Infertility is just one of the many challenges some couples and families endure. Others include the everyday stresses of life, the loss of loved ones and the pain of divorce.

For couples and families experiencing difficult times, the Office of Marriage and Family Life’s grief and divorce ministries offer seminars, retreats, support groups and more.

“When we look around and see the heartache and breakdown in the family, we may start to feel like a happy family life is a fairy tale,” says Ross. “The Church is here to point the way … and to walk with them along the way.”

‘Community is the answer, family is the model’

As she adjusts to her new position, Ross plans to continue the office’s communication efforts in sending out a monthly newsletter to all parishes and providing parishes with bulletin announcements about upcoming events and helpful resources.

She also plans on visiting with parish leaders throughout central and southern Indiana at deanery meetings to introduce herself, get to know them and seek their input.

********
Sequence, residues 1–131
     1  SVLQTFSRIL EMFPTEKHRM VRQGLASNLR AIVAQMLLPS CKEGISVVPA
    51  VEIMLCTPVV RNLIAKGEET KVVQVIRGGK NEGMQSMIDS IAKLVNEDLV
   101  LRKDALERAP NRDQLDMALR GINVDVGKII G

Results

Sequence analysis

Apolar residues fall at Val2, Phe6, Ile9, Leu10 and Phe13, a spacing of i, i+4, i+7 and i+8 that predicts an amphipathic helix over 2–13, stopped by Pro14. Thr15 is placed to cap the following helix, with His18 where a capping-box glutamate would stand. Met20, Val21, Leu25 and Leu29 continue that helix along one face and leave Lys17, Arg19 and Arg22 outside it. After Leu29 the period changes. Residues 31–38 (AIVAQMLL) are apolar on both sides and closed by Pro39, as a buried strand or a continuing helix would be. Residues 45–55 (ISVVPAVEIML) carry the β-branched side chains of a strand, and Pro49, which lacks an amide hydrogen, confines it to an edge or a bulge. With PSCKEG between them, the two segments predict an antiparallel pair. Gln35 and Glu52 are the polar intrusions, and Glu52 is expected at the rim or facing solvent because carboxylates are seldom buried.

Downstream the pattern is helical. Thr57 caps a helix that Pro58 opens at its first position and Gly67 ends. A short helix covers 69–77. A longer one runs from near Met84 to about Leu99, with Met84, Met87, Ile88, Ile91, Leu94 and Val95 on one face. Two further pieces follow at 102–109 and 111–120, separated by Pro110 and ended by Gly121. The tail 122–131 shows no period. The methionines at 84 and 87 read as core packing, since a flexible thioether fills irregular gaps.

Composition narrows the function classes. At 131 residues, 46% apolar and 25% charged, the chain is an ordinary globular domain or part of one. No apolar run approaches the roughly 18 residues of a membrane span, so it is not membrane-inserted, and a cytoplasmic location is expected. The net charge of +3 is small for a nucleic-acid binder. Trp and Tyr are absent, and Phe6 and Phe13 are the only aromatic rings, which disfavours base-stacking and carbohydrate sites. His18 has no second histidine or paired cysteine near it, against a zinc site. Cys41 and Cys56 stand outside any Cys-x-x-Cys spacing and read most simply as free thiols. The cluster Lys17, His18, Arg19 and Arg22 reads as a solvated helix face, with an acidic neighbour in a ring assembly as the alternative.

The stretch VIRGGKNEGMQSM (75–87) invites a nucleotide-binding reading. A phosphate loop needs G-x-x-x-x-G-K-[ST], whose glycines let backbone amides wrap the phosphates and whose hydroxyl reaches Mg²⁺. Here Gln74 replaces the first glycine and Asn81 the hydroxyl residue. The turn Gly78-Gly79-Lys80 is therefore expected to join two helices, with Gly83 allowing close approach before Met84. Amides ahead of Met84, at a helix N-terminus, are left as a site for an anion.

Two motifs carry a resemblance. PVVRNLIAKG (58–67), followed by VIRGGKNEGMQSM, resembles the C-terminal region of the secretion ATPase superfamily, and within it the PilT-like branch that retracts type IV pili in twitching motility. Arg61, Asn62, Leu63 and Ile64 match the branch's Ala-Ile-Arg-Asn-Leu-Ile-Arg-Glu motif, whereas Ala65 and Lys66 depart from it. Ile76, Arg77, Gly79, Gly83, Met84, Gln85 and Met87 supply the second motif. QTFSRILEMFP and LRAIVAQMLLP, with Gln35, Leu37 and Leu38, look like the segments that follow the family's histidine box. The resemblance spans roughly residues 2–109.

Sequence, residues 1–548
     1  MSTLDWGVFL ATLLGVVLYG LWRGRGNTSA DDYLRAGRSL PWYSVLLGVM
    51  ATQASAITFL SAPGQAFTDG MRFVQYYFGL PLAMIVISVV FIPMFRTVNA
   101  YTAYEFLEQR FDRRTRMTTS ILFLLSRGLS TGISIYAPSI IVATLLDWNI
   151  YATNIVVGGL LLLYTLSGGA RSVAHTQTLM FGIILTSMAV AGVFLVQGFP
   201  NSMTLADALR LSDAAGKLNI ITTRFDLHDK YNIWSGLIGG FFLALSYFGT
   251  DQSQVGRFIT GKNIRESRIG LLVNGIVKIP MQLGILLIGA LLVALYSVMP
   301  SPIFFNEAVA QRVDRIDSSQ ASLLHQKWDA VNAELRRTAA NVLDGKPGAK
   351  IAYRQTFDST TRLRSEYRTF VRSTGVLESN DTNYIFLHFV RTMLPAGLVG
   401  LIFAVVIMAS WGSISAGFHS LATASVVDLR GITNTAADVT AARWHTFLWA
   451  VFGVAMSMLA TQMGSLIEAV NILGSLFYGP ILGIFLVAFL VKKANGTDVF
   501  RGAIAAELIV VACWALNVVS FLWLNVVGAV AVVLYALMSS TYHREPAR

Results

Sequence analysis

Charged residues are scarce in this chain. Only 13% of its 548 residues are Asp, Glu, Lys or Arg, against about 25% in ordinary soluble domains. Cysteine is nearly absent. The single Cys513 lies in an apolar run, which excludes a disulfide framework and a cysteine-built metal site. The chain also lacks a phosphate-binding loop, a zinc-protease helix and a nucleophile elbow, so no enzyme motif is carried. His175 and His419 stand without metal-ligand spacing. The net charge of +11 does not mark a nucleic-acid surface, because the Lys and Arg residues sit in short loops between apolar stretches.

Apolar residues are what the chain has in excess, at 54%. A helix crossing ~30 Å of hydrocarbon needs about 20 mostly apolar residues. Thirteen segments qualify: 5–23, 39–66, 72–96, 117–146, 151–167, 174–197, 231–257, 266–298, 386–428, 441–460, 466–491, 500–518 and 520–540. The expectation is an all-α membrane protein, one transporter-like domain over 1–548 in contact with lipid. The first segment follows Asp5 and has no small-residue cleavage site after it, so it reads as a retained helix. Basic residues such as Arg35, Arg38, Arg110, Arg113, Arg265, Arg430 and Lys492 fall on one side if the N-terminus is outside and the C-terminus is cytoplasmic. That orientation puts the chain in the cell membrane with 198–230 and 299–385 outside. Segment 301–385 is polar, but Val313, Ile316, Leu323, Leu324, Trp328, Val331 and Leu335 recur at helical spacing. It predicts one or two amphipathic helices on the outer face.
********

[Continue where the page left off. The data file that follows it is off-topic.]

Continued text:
“Very quickly they will recognize a person of faith who is knowledgeable of Catholic Church teachings and is a model of Christian values,” says Deacon Michael Braun, director of the archdiocesan Secretariat for Pastoral Ministries under which Ross’ office falls. “They will find her to be personable and engaging.”

He notes the advantage of her fluency in English and Spanish, and calls Ross “a talented professional” and “a dynamic leader committed to forming missionary disciples. Gabriela will meet people where they are, she will listen, and then provide for the needs” of those she serves.

After thoughtful reflection, Ross comments on the importance of the Office of Marriage and Family Life and her new role at its helm.

“God became man through a family,” she says. “Although Jesus was fully God, in his humanity he learned from his family and was formed by his family.

“The family is the school of humanity. It’s where we learn who we are, who God is, how we should live and love, and how we should make a gift of our lives through our vocation.

“The Church is here to say that community is the answer, and marriage and family is the model.”
 

(For more information on the ministries and offerings of the Office of Family and Marriage Life, go to www.archindy.org/marriageandfamily. For the office’s parenting videos, go to www.archindy.org/parenting.)